This website is meant to be a resource for all amateur radio operators in the Western New York Section of the ARRL, which encompasses the following New York Counties: Allegany, Broome, Cattaraugus, Cayuga, Chautauqua, Chemung, Chenango, Cortland, Delaware, Erie, Genesee, Herkimer, Livingston, Madison, Monroe, Niagara, Oneida, Onondaga, Ontario, Orleans, Oswego, Otsego, Schuyler, Seneca, Steuben, Tioga, Tompkins, Wayne, Wyoming and Yates. Resources related to the National Traffic System (NTS), traffic handling guidance and procedures and eventually NTS nets (including schedules) as well as additional new ham resources will be added to this site as time allows. If you have any questions, comments or wish to suggest additions, updates or changes of any kind, please email web@wnyham.com and allow up to 48 hours for a reply. Thank you!

Traffic Handling 101

A traffic handling training was held on Zoom on Tuesday, January 23rd at 7PM. The training can be viewed on YouTube on the Madison-Oneida ARES YouTube channel: CLICK HERE.

Resources discussed in the training are HERE.

Traffic Training

Got traffic? Traffic handling is an important part of the amateur radio hobby that leverages an extensive network of on-air nets, digital stations and dedicated ham radio operators throughout the US. Opportunities to send and receive traffic exist daily via local traffic nets. Join leadership from the Oneida County Traffic and Emergency Net and representatives from the ARRL WNY Section for a hands-on session where you’ll learn the basics about traffic handling. 

What: Traffic Handling 101 (Hands-on Training)

When: Tuesday 1/23 @ 7pm ET via Zoom

Who: Oneida County Traffic and Emergency Net and representatives from ARRL WNY Section

More Info: www.octen.net or FB Event Page

Watch Your Words!

When sending traffic, be mindful that certain words may sound the same but have two totally different meanings. In some contexts, the wrong word doesn’t fit, but in some, they can change the meaning. For example: Would/Wood, For/Four, To/Too/Two, etc. When coming across those words, it may be best to spell them to make it clear which word applies to the message being sent.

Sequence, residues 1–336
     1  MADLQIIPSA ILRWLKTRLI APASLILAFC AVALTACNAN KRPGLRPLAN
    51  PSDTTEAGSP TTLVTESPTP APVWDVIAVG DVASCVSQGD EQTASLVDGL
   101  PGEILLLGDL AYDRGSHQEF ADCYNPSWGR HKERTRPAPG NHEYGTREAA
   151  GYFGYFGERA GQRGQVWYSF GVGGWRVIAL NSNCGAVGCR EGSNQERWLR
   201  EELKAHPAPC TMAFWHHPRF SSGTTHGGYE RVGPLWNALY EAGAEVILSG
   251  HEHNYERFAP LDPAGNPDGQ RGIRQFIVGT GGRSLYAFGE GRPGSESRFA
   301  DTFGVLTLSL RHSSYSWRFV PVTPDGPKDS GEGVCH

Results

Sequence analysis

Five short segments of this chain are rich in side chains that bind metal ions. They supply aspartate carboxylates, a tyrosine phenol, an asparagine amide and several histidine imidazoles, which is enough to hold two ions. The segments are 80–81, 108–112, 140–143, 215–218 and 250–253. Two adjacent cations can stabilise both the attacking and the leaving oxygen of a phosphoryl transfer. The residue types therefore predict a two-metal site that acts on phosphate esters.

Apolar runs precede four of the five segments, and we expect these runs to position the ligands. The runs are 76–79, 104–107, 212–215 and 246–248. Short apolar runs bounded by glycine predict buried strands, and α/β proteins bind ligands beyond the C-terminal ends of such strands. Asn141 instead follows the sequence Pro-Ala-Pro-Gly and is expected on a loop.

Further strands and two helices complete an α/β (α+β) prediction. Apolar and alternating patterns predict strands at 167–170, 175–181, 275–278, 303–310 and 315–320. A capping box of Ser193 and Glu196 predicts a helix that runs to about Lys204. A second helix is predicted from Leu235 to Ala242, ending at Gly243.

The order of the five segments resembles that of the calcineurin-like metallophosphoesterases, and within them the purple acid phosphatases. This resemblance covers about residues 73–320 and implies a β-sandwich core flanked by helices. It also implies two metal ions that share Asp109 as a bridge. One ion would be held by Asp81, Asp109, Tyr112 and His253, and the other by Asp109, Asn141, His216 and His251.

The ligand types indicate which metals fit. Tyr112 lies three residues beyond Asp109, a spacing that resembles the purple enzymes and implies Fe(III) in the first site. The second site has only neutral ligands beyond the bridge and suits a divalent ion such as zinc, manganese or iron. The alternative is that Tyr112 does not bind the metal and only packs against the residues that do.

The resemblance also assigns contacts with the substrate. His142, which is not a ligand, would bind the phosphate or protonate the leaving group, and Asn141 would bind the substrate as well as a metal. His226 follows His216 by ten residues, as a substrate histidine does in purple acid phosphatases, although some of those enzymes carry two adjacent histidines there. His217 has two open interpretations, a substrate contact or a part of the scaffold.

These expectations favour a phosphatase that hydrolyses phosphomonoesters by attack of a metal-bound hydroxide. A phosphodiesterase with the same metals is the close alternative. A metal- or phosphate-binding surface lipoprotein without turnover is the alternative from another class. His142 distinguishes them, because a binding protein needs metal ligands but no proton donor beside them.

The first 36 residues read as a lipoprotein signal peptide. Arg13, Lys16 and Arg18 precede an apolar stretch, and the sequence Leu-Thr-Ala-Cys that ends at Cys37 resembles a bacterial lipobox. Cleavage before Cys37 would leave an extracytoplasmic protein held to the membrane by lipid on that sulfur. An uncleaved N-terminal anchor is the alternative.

Traffic Tips #7

When checking into any formal net, which most traffic nets are… It is important to determine if you are going to be there a while. If for some reason you are unable to stay or pick up traffic and you simply want to ID yourself to the net controller, it is okay to check in as “in and out” or “short time” which signals the net controller to either move critical items your way, release you from the net or find an alternate route for traffic. Keeping in that same spirit, if you check in and then decide that you must leave, it is best practice to notify the net controller that you are checking out of the net. This helps the net controller keep track of who is still available and who is not.

S E T Weekend

Simulated Emergency Test (SET) weekend is upon us. Time to dust off your HT radios, spare batteries, generators and other off-grid methods for powering communications equipment. Test your emergency regularly and remember to follow safety protocols when operating equipment with off-gas or emissions.